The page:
Headlining the final event for a promotion that became involved with MMA in 2006, Saffiedine relied on a game plan of steady leg kicks to dethrone the defending champion. All three judges scored it in his favor: 48-47, 49-46 and 49-46.
"It's unbelievable," Saffiedine said. "I can't imagine I'm wearing the belt right now. I want to thank Strikeforce for being by my side for so long."
While not one of the biggest names of the Strikeforce brand, Saffiedine (14-3) has enjoyed plenty of success since signing with the promotion in 2010. He finishes with an overall record of 7-1, the only loss coming via decision to Tyron Woodley.
The win over Marquardt will not be remembered as one of the most action-packed of the year, but it demonstrated a well-rounded skill set by Saffiedine and a strong commitment to what turned out to be a very effective game plan.
Saffiedine went to work by attacking the lead leg of Marquardt (32-11-2) early in the fight with low kicks. Operating as the smaller fighter in the cage, his elusiveness and head movement proved to be a problem for Marquardt, who had trouble getting in any sort of rhythm.
Looking to push the pace, Marquardt was stunned in the first round by a counter jab.
The fourth round proved to be Saffiedine's best. He cut Marquardt on the bridge of his nose, and Marquardt was by then having trouble generating power off his battered lead leg.
The welterweight title fight was the only fight featured on the Strikeforce main card to go the distance. CEO Scott Coker gave a final few words on the telecast, saying it "was time" for the promotion to close.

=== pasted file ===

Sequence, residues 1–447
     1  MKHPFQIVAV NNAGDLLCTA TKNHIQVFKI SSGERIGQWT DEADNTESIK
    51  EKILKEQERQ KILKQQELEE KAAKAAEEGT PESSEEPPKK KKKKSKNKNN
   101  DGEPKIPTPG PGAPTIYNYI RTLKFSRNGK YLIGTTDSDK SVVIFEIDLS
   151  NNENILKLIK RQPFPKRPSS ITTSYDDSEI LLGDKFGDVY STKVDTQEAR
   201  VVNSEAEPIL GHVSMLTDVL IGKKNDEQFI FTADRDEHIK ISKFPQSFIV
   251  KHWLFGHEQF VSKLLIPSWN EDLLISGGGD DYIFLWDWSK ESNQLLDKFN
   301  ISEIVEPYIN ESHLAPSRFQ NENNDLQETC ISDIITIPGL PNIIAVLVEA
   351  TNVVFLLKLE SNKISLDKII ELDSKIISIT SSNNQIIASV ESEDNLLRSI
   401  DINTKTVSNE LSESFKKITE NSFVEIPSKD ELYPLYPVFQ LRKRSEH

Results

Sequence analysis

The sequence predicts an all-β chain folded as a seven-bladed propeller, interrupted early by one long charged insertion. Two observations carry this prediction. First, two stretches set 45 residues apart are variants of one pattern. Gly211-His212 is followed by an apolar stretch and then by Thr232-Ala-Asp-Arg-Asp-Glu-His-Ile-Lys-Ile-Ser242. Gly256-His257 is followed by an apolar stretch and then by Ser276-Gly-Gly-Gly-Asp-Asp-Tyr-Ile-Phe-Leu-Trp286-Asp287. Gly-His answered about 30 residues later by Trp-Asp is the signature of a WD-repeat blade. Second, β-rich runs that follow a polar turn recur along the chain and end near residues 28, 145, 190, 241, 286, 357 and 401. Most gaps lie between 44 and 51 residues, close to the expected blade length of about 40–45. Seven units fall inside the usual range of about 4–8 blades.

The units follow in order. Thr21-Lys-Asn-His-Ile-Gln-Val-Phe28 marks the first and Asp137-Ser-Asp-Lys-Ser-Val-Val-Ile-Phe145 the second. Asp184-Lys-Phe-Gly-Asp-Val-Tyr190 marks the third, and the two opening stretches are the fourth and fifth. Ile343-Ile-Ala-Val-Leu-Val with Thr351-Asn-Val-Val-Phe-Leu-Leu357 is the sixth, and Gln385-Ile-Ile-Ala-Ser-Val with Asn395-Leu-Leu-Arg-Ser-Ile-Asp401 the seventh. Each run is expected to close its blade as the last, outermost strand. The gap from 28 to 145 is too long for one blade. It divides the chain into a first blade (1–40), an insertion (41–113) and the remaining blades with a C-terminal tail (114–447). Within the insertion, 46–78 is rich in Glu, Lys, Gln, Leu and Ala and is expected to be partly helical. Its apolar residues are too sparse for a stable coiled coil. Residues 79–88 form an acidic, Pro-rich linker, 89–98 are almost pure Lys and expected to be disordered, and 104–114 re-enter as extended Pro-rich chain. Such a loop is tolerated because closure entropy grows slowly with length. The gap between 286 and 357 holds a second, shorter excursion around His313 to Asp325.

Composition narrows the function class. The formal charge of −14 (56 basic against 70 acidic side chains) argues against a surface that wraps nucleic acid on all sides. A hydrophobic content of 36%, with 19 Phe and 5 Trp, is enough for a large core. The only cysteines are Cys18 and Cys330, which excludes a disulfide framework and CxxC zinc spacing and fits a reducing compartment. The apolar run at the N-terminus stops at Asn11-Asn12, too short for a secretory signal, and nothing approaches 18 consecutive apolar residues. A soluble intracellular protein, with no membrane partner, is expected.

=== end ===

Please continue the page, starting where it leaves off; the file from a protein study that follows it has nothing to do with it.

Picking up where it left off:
"It's a tough thing, but I'm so happy for these guys who fought tonight," Coker said. "This is the pinnacle of my career. I think we did some great work in mixed martial arts. It's time."
Cormier stays perfect, then calls out Mir
The unbeaten heavyweight dominated Staring en route to a second-round TKO victory.
In a post-fight interview, Cormier confirmed he had signed a UFC deal and mentioned that he was set on fighting Frank Mir at a UFC on Fox event on April 20 in San Jose, Calif. During the ensuing news conference, however, Cormier said he was only stating his hopes and not announcing an official bout.
"In my ideal universe that's what would happen," Cormier told ESPN.com. "But it could not happen. If it doesn't, I'll just keep plugging away."
Cormier, who also intends to move to light heavyweight and face champion Jon Jones in 2013, said he doesn't see any roadblocks that would prevent the Mir fight. The two were originally scheduled to fight at a Strikeforce event on Nov. 3, but Mir was forced to withdraw with a knee injury.
"Most of the other [heavyweights] are tied up," Cormier said. "Everybody else is pretty much scheduled in the division. Why not? We were supposed to fight already. It's a good fight. I think people would watch it and we can sell that fight."
If a fight with Mir were to fail to materialize, Cormier said his first bout in the UFC would still be as a heavyweight.
Cormier's final fight in the Strikeforce cage wasn't much of one. Staring came out of the gate loading up on the right hand, but he would have few chances to use it. Cormier, a former Olympic wrestler, took him down at will throughout the fight.
Staring worked to his feet on several occasions, but much like his teammate and UFC heavyweight champion Cain Velasquez, Cormier refused to give him breathing room. He transitioned to a crucifix position in the first round and then full mount.
The end came mercifully at the 4:02 mark of the second round, when referee John McCarthy had seen enough ground strikes to a turtled up Staring. Despite his looking to move forward in the beginning of the frame, it was clear Staring was tired by Cormier's early pace and was an easy target in the final four minutes.
Cormier (11-0) has been nothing short of spectacular since his pro debut in 2009. He won the Strikeforce Heavyweight Grand Prix despite entering the competition as an alternate. He holds notable wins over Josh Barnett and Antonio Silva. Staring (28-8) sees a six-fight win streak snapped.